“Approval with distinction” is the highest level of approval granted by the state. The program, run through Clark’s Adam Institute for Urban Teaching and School Practice, includes all of the programs for Massachusetts teacher licensure offered at Clark. The designation recognizes a program that is “operating at such a high level that it could serve as a model for other providers in the state or nation.”

“This evaluation is a testament to the tremendous support and enormous contributions of the Adam Institute and Hiatt Center at Clark, over many years, the close collaboration of our school partners in Worcester’s Main South, and dedicated Clark students who aim to make a difference through teaching,” said Adam Institute Director Thomas Del Prete.

The program underwent a comprehensive approval process over 16 months. According to state personnel, most programs in the state earn two or three commendations in this process, while Clark’s received 17.

Clark graduates approximately 30 to 35 students from its program each year. Most graduates commit to teaching in Worcester and other urban settings. Close to 90 graduates from the past 10 years have positions in the Worcester Public Schools, including more than 50 practicing in partner schools in Worcester’s Main South neighborhood, according to Andrea Allen, the program administrator.

Read the entire story on the Clark University website

Area teachers sharpen AP teaching skills

Teachers from Burncoat High School, Doherty Memorial High School and Shepherd Hill Regional High School are attending a special kind of summer school: intensive training to prepare to teach Advanced Placement courses.

The sessions, held last week and this week, are part of Mass Insight Education’s AP STEM and English initiative, a program to expand college-level coursework opportunities for high school students. More than 500 teachers from Massachusetts, Rhode Island and Louisiana attended or will attend the Advanced Placement Summer Institute at Bridgewater State University.

The following teachers attended or will attend:

  • Dylan Piehl, Shepherd Hill, AP Computer Science A
  • Kevin Cox Jr., Burncoat, AP Physics C
  • Kevin Cox Sr., Burncoat, AP Physics 1
  • Lauren Suprenant, Burncoat, AP English Language & Composition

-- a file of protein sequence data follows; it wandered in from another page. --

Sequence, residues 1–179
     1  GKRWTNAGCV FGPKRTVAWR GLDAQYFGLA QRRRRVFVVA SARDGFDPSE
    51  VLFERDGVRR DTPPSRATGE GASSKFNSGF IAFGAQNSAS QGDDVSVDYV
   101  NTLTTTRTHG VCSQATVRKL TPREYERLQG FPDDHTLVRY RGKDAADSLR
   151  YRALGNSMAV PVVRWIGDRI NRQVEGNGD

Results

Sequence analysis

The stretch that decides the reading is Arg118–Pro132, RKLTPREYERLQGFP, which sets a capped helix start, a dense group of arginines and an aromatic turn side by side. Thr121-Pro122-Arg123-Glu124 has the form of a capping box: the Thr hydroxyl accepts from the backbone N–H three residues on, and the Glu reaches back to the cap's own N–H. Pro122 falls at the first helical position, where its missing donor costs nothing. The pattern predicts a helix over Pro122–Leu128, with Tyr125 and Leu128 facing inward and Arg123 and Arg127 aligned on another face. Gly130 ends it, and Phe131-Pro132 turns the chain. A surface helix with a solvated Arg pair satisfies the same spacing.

• Rebecca Quinn, Doherty, AP Statistics
  • Laura Sawyer, Doherty, AP Environmental Science
  • Rebecca Seepersad, Doherty, AP Chemistry
  • Chris Racine, Burncoat, Pre-AP Chemistry
  • Catherine Doyle, Doherty, AP English Literature & Composition
  • William Herrero, Doherty, AP Physics 1
  • Edi Naco, Doherty, AP Calculus BC
  • Renah Razzaq, Doherty, AP Calculus AB

UMass Medical School names Layne assistant dean for outreach programs

Longtime educator Robert Layne has been promoted to assistant dean for outreach programs and instructor in radiology at UMass Medical School. In the newly created role, Layne will build on his legacy of bringing students underrepresented in healthcare careers into the science, technology, engineering and math (STEM) education pipeline by engaging with greater Worcester’s public schools, institutions of higher education, businesses, human service agencies — and above all, the region’s youth. Layne has directed outreach programs at UMMS since 1996.

“In today’s world, a thorough command of content and skills must be merged with a sense of professionalism, critical thinking, problem-solving and sound decision-making skills in order for students to earn a place among the highly competitive applicant pool of STEM candidates, ergo the health careers outreach program difference,” Layne said.

UMass Medical School offers an array of mentoring, job shadowing, internship, summer employment, laboratory research and after-school science programs, as well as academic support for students from middle school through college. These programs expose hundreds of young people from Worcester, as well as from across the state and the country, to the exciting opportunities presented by health and science careers.

Read the entire story on the UMass Medical School website